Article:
There have been tons of questions about the difference is between active dry and instant yeast. This recipe calls for active dry yeast which needs to be activated in warm water before using it. I use active dry yeast because it was the standard type of yeast developed before instant and most time trusted recipes are written for that type–but one isn’t necessarily better or worse than the other.

Instant yeast can be activated in water OR it can be added dry right into the flour or dry ingredients and then added to your recipe. Instant yeast does not rise faster than active dry despite the “fast rise” on the package.

If you only have instant yeast on hand

If you only have instant/rapid rise yeast on hand, add the water (warm) that’s used in the recipe in with the eggs and oil. Then open the package of yeast and add it into the flour before adding it to the recipe and proceed as the recipe instructs.

Remember: Instant yeast can still fail

Just because you don’t have to activate instant yeast doesn’t mean it will just automatically rise. Your water must still be the correct temperature (luke warm) and your other ingredients needs to be room temperature as well. Too cold and the yeast still won’t wake up and leaven your rolls.

Not looking to work with yeast? Try my no-yeast quick rolls  and give either version a big smear of my slow cooker apple butter.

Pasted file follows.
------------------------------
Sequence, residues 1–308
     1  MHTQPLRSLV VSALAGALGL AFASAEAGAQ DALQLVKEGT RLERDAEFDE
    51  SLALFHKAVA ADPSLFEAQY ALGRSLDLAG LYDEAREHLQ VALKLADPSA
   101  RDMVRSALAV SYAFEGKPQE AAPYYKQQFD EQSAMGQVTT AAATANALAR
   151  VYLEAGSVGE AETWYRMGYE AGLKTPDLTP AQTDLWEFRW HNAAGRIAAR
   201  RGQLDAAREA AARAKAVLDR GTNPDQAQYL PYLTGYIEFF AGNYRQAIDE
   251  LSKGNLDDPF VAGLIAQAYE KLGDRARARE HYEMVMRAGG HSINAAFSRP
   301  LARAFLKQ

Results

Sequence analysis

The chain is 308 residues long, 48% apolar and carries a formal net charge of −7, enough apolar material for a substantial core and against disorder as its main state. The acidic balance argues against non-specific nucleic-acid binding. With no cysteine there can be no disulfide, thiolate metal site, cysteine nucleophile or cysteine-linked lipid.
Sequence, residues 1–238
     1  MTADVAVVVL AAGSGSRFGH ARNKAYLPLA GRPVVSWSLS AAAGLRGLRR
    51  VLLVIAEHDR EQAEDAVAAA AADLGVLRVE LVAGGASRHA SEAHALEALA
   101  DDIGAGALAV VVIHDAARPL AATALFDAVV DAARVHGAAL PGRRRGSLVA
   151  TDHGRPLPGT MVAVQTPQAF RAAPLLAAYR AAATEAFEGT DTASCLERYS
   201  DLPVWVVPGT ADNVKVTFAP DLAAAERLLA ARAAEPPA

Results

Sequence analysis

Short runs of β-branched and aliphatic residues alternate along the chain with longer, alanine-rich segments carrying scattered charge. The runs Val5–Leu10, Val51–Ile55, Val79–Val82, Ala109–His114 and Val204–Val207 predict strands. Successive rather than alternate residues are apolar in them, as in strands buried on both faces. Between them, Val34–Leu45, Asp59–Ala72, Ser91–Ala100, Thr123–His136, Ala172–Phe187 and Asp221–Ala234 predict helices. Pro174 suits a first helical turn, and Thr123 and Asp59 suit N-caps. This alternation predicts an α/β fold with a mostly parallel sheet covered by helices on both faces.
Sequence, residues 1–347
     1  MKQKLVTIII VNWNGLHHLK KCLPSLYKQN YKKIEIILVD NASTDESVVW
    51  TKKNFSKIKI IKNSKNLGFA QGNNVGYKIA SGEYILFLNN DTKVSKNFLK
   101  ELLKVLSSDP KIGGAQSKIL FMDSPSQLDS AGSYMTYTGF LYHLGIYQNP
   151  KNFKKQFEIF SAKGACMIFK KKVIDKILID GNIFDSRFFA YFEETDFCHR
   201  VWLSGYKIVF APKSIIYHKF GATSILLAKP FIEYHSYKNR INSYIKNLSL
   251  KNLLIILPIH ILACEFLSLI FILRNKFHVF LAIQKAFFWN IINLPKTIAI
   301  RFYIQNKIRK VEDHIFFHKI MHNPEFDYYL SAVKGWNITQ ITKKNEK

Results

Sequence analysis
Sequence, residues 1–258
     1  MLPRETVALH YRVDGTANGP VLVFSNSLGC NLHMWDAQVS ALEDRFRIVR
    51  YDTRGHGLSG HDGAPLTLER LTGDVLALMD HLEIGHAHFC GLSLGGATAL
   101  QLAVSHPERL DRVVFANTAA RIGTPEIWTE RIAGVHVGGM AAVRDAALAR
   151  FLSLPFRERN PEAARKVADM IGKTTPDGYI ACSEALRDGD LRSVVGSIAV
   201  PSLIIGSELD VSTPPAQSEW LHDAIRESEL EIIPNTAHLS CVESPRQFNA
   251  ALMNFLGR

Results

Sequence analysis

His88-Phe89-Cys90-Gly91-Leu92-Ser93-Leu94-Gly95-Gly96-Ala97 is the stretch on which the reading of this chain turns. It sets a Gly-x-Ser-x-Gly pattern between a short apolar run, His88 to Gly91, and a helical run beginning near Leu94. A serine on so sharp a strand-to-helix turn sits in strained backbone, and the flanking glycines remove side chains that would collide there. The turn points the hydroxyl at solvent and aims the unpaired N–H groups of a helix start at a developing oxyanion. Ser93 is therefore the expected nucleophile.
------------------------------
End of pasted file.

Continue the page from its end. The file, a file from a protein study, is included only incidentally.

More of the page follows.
Watch me make these rolls on YouTube

brush spreading warm butter over dinner rolls in a muffin tin

Homemade Yeast Rolls

The perfect recipe for a dozen delicious yeast rolls.
4.93 from 40 votes
Print Pin Rate
Course: Side Dish
Cuisine: American
Prep Time: 2 hours 30 minutes
Cook Time: 12 minutes
Total Time: 2 hours 42 minutes
Servings: 12 people
Calories: 171kcal
Author: Rachel Ballard

Ingredients

  • 1 cup water about 110 degrees or just slightly warmer than lukewarm
  • 1 package active dry yeast *see note 1 for using instant yeast instead
  • 3 tablespoons granulated sugar
  • 2 tablespoons flavorless oil I prefer avocado but vegetable or canola also works
  • 1 egg at room temperature
  • 3/4 teaspoons salt
  • 3-3 1/2 cups all purpose flour

Instructions

  • In a large bowl, dissolve the yeast in the warm water.
  • Add the sugar, oil, egg, salt, and half of the flour and mix until just combined.
  • Add one more cup of flour and mix until the flour is combined again.
  • Add between 1/2 of a cup to 1 whole cup of the remaining flour as needed until the dough comes together and is soft but not gooey. (Usually takes about 3/4 of a cup for me, but will depend on weather and humidity)
  • Spray the top with cooking spray and cover with plastic wrap.
  • Allow to rise in a warm place for one hour or until doubled.
  • Turn dough out onto a floured surface and knead 4 or 5 times until the dough is slightly smooth.